The PTS militants within the subway workers’ union of Buenos Aires offer a model of how Trotskyists ought to operate inside of unions. As a matter of principle, and one that would serve us well here, the PTS militants do not build ‘red unions’ and they do not choose to split themselves from working class organizations. Instead, they persist in taking back the unions from conservative leadership. In Argentina, this is an often difficult and violent fight, and yet, they fight within the unions nonetheless. Within the UTA, the main transit union of the country, leftists pushed the union to struggle for the previously standard six-hour day and the end to the labor reforms and flexibilization that was the result of the privatization of the subway system some years prior. This fight won concessions from the union leadership to run delegate elections of which the left stood on a platform of ‘sindicalismo de base,’ or a kind of rank and file unionism as we know it. PTS and militants of other socialist organizations contested every position they could in a bid to retake the union, and did so alongside direct action against the boss. With each strike, particularly around unjust firings, they won the confidence of the rank and file. As opposed to building dual organizations outside of the union or of becoming a permanent opposition that merely criticized the thoroughly corrupt UTA bureaucrats, socialist union militants get their hands dirty in the elections and struggle to retake the union. This is an important lesson to remember.

A second stems from how upon expulsion of elected delegates from the UTA, the workers of the subway voted to form a new union. The PTS, generally opposing splits in the unions but always determined to be on the left of new phenomenon, joined the call for that new union. This ‘mechanism of defense’ still represented all the workers it had previously and was a maneuver based on changing political circumstance. The two lessons may appear inconsistent, but they are derived from a strategic flexibility with class independence as the guiding star. Within the new union, the militants of the PTS are currently in slates opposite the new leadership, who though from the rank and file, exhibit all the same bureaucratic tendencies as the old bureaucrats because of the contradictory roles of unions under capitalism. The need of a Party to hold worker-militants accountable to the real interests of the rank and file and to continually lay out the need for revolution – is the second lesson – because by itself simple bread-and-butter syndicalism will invariably change the new guard into the old. To orient towards the left of growing phenomenon in the unions means to fight for union democracy and immediate demands, but always in the service of developing workers’ struggle towards a politics of class independence and insurrection. This requires being in the unions – and not on the outside as the ultra-left demands – and to be in the unions as open socialists and builders of a Party, facts that opportunists would prefer to hide.

In the larger politics and in the unions, to be responsive and on the left is to have an ear to the ground and not to be deaf to that around us, but also ready to stand up quickly and speak for what we know to be true, that a revolution is necessary and that necessitates a revolutionary party to take power at the head of revolutionary organs of the working class.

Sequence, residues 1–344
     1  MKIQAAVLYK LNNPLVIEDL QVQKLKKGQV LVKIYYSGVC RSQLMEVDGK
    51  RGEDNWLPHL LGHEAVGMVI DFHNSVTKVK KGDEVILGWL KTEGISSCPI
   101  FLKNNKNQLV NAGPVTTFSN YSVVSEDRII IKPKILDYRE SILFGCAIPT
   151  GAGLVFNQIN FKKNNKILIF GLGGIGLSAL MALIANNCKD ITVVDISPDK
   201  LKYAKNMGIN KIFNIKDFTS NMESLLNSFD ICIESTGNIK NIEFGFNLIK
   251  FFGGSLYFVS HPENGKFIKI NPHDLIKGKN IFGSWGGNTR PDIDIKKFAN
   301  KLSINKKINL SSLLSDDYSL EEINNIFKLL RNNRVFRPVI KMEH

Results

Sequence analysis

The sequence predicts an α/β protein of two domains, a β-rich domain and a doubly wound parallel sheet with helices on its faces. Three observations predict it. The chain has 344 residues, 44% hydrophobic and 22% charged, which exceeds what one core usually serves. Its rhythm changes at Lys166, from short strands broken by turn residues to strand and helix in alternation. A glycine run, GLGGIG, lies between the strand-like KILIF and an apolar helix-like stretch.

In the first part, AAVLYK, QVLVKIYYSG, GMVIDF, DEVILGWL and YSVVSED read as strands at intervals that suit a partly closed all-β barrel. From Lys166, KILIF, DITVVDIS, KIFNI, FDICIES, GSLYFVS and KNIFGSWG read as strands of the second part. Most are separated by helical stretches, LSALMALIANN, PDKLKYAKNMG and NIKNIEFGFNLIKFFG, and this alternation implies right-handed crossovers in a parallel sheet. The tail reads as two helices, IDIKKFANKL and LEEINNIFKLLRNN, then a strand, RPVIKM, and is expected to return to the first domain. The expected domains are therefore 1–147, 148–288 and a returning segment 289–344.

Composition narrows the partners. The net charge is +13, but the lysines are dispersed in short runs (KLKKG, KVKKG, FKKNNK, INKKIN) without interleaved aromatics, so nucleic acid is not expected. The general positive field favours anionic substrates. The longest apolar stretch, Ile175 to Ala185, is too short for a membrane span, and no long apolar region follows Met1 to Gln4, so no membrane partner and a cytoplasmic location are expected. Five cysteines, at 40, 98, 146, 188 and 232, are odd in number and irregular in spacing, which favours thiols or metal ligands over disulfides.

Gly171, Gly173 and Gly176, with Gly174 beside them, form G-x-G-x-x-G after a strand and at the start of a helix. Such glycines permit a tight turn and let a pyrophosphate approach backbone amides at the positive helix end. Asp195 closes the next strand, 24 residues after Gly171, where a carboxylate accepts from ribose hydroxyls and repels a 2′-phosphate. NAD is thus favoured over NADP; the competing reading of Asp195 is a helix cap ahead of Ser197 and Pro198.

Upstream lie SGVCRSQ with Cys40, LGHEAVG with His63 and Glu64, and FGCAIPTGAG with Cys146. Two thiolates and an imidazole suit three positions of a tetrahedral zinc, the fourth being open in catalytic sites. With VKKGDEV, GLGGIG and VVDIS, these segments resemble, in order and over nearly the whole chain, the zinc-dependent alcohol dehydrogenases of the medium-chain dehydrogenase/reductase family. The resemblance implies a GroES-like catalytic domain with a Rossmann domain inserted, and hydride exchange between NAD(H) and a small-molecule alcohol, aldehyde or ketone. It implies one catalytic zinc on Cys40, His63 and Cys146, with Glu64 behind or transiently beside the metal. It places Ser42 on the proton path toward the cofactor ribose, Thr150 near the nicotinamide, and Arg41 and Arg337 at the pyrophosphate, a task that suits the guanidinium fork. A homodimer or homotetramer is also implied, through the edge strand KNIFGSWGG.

4. Through the organs and the Party, there is synthesis between the electoral work and class struggle.

The Frente de Izquierda y de los Trabajadores (FIT), of which PTS is a founding member, is an example of being an ideological pole within the left of phenomenon, and one not mired in sectarianism or opportunism as cautioned against above. It is also a symbol of the bringing together of the electoral activity and class struggle work. Forming the FIT was a strategic reorientation that took into consideration the continued low levels of shopfloor class struggle in contradistinction to a reality in which struggle was happening in the political realm. This is to say that though there were instances of class struggle in the strikes and occupations of specific factories and these could be highlighted and brought (inter)national as the above points outlined, it appeared that the political struggle was a more fruitful avenue towards the masses. Like the news-sites, elections are another front with which to disseminate local struggle.

Not only are FIT elected Congressmen on the frontlines alongside workers and students at picket-lines and highway blockades and scuffling with cops outside occupied factories with the consequent media opportunities, but they also skirmish on the floor of the Chamber of Deputies for new laws that would support the class struggle on the ground, such as laws that confirm the workers’ control of plants like Mady Graf and others for nationalization and subsidies for such factories. This all while running highly publicized campaigns for transitional demands like the six-hour day for eight-hour pay and other demands that would force the rich to pay for the crisis that they caused. The struggle of the PepsiCo workers weeks before the PASO, which is the poll-like primary elections in the country to decide which parties have the minimum support to run in the general elections, influenced the vote tremendously and won the FIT greater support amongst the working class and within the poorest areas of the country. If treated as auxiliary to, but not a replacement for, class struggle, the electoral activity can strengthen workers’ position and serve as a measure of class power and independence. Thus, the greater the struggles, the greater the results and vice versa.